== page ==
A must for stair triangulation!

Spirit levels and laser levels

These are the tools you need to verify that floors are level and walls are plumb.

I personally have 2 or 3 of different lengths of spirit levels: 600 mm, 1 m and 2 m.

If you can afford it a digital level can be good way of measuring directly the incline of a floor or wall but it will be necessary to lay it on different straight edges to get the inclination between two specific points. Digital levels usually double up with as spirit levels so you get the best of both worlds, although they are of course more expensive.

If you’re only an occasional stair builder a couple of ordinary spirit levels are enough to do a good job.

traditional spirit level
Traditional spirit level
digital spirit level
Digital level

Laser level/plumb line

Another tool that although not indispensable can be of great help in certain circumstances is the laser level/plumb line.

laser level plumb line

Although used rarely, I use a laser level as a plumb line in complex situations when it’s necessary to project vertically the position of a specific element. This can be very useful when stairwell walls are not plumb and you have to align different floor sections (see the measuring from a pole
section further on).

Long square/laser square/adjustable square

It’s important to measure and verify the angles of a stairwell.

This can be done by triangulation but I have found that in practice it can be easier and more precise to use an adjustable square.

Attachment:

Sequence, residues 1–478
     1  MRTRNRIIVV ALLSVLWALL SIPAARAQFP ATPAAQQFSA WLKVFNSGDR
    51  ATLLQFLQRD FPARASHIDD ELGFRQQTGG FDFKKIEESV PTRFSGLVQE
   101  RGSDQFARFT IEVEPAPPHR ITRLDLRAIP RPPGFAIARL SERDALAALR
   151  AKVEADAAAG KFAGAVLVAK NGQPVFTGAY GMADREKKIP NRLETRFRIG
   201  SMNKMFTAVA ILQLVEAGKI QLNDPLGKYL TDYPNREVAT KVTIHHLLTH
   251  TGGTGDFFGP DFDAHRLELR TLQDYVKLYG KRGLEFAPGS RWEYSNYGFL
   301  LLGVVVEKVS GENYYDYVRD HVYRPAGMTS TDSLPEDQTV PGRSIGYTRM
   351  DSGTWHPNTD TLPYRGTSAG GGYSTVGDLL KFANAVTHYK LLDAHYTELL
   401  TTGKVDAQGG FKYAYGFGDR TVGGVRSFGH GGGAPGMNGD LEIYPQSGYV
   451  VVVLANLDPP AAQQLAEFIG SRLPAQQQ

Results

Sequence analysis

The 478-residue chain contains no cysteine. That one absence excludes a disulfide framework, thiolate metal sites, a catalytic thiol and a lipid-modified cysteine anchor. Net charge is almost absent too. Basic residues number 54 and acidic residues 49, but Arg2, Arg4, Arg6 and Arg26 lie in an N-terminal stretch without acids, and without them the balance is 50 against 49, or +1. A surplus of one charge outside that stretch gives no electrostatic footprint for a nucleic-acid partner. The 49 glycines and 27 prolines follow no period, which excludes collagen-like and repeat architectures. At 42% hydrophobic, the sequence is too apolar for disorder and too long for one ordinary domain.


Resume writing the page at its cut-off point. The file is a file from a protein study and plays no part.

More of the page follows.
adjustable square

You can use a sliding bevel but in most cases this tool will be too small to get the overall angle.

As walls are not always very straight you’ll need a longer adjustable square that will lay across a large surface and not sink into small local hollows near the angle you’re measuring.

It’s very easy to make a simple adjustable square with scrap wood as in the photo top right.

A more precise version of a simple metallic or wooden square is the laser square bottom right that projects a rightangled cross.

laser square

It is very neat for measuring some angles but I have found that it can’t replace a simple square for measuring stairwell corners.

My favourite tool for measuring angles is the adjustable square that has a mechanical or digital read off of the angle. This neat tool is really a square, a protractor, a sliding bevel and a spirit level all in one.

adjustable square

It will measure the angles, and as it has an integrated spirit level you can measure slopes as well as use it as a simple spirit level.

Preliminary sketches

Before taking the sizes it’s good to have an approximate idea of where you want the stair to start and arrive.

Here’s how I set up the basic sketches to write down the stairwell sizes.

First section that shows the lower floor

lower floor stairwell plan
lower floor stair plan

Second sketch that shows the upper floor

Third sketch that shows the elevation section

stairwell elevation section
stairwell elevation plan

Fourth sketch that shows the left view section

stairwell left view section
stairwell left view section 2

The 2nd and final part of this eBook can be found here, covering the basic measurements required and how to manage tricky situations like irregular walls and floors.

You can also download the entire eBook from this page

If you want to test out our stair software, you can download StairDesigner here.